Walking onto the floor and seeing the prices on the wall and hearing the shouting traders was all natural for Viola, he said. Viola grew up in a house where everyone was screaming at each other all the time. When Viola’s father was not working his first or second jobs, he was at the racetrack, handicapping the races. He would often take Viola, who would track changes in the odds for various horses for his father. 

Viola found a clearing firm to back him, but he had to promise to serve on several exchange committees. Viola was finishing law school in the evening, so his legal background would be useful to the exchange, but it would also start his path of service to the NYMEX that would ultimately lead to his being elected chairman. 

Viola is appreciative of the kindness he has been shown throughout his career, including from former NYMEX Chairman Lou Guttman. Guttman brought Viola to Chicago to meet with Leo Melamed, Jack Sandner and a then junior CME board member Terry Duffy to talk about NYMEX joining the then-new Globex alliance the CME was forming. 

Eletronic trading made sense to Viola, but he knew it was going to be a hard sell to convince NYMEX members it was in their best interests. 

The interview then jumps to 2001 when Viola has just been elected as NYMEX chairman. Viola is told by mentors he is going to have to deal with electronic trading, it is real.  In short order, new entrant ICE and Jeffrey Sprecher buys the International Petroleum Exchange and then September 11th happens. 

The events of September 11th forced NYMEX to convert their local area network electronic trading system Access to a web-enabled platform in a matter of days in order for the exchange to reopen and trade an expiring crude contract to settle the contract.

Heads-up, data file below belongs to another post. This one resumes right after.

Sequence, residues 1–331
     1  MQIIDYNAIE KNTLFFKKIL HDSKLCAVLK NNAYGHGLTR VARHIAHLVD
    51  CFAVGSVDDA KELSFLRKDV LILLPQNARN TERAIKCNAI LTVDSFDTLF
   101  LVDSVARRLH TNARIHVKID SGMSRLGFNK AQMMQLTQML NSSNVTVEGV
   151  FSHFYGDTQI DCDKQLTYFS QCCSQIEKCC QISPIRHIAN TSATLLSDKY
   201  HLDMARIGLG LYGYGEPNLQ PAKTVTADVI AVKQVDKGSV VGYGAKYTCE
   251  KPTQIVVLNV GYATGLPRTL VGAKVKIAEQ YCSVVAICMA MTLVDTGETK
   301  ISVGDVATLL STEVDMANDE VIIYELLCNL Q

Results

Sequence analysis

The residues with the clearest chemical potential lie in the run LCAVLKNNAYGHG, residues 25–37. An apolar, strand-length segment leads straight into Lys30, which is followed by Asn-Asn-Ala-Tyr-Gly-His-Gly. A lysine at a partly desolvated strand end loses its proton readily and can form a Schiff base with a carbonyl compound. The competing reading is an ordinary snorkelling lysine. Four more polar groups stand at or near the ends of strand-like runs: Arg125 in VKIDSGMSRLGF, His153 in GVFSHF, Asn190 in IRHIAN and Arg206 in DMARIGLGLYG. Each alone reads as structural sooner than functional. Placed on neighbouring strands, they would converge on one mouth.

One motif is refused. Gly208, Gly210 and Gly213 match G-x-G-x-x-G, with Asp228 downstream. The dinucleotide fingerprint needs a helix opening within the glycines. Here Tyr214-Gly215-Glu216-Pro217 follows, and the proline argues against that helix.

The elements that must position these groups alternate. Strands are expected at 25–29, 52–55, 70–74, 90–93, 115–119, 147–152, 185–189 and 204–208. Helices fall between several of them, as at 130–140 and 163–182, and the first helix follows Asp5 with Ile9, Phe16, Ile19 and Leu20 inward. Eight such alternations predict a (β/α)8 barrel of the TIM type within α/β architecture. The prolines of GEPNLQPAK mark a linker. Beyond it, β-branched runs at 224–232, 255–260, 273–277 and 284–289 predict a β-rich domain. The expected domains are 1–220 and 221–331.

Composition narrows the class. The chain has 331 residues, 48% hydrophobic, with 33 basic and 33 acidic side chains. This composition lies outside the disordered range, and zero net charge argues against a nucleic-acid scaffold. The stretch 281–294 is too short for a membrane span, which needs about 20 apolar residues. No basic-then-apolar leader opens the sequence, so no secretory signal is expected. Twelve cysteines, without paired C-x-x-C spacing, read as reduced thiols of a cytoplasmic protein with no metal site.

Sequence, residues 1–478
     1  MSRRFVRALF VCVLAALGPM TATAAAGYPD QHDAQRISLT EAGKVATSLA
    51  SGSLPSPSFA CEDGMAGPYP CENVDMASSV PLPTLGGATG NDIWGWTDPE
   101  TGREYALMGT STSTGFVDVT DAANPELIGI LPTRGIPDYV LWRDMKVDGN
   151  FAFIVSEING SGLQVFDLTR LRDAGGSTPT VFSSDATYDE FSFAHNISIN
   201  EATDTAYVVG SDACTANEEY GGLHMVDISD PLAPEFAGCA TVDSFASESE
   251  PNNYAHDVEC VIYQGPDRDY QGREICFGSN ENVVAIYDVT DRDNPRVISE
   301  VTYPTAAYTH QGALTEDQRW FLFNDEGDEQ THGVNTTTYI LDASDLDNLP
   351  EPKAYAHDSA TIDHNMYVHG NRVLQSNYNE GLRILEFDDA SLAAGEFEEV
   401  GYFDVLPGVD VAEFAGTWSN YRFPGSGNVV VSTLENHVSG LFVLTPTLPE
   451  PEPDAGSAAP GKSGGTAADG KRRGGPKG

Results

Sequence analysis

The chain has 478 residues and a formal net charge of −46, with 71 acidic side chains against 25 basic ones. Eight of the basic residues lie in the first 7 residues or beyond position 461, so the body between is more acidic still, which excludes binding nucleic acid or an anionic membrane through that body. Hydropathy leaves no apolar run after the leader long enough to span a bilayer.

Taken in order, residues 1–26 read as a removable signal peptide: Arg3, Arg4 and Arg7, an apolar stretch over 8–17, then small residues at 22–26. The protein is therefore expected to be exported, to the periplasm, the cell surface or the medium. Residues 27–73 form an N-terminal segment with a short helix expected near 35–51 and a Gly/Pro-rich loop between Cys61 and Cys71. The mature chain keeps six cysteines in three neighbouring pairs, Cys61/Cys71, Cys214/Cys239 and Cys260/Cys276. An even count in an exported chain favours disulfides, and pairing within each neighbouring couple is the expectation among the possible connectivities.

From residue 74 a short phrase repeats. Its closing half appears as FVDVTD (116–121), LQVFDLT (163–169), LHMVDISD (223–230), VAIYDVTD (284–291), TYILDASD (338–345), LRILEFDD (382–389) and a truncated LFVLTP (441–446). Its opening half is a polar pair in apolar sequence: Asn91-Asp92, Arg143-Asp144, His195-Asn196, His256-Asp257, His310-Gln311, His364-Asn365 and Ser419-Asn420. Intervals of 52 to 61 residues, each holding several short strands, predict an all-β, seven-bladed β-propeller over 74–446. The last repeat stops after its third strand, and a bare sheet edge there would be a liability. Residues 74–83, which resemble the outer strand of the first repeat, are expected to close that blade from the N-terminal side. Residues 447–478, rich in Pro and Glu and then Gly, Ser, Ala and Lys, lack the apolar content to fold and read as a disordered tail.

Viola details his September 11th experience, including the rare incident of his wife asking him to drive their middle son Michael to school. As soon as Viola heard the details of the first plane hitting the World Trade Center, his military experience kicked in and he texted the NYMEX vice chairman and the treasurer, Mitchell Steinhouse and Richie Schaeffer, and told them this was a terrorist attack and to close the exchange and evacuate the building. 

As I listened to Viola recounting the turmoil, challenges and gut-wrenching calls and decisions made responding to the terrorist attacks, I appreciated the leadership Viola brought to the chairmanship of NYMEX at that time. His military background served him and the exchange well.

Viola’s leadership experience at NYMEX gave him the insight and relationships that allowed him to invest in the future of the industry, moving at light-speed where the exchange lagged. He formed several companies, including Pioneer Futures, Independent Bank at Texas Regional Bank and Madison Tyler Holdings, from which Virtu Financial was an offshoot.

King and Viola talk in detail about Viola’s creating Virtu and then taking it through the IPO process. They talk more about Viola’s outside interest in sports, including an ownership interest in professional basketball that led to him buy a professional hockey team, the Florida Panthers. Viola was also a partner in a horse that won the Kentucky Derby back in 2017, and Viola relates that story to King.

King does a terrific job of lifting the veil off the story of Vinnie Viola, one of the most significant market participants of our modern era. Viola is a terrific example of someone who loved the world of open outcry, but did not let it get in the way of his continuing to evolve as an exchange leader, investor and business executive.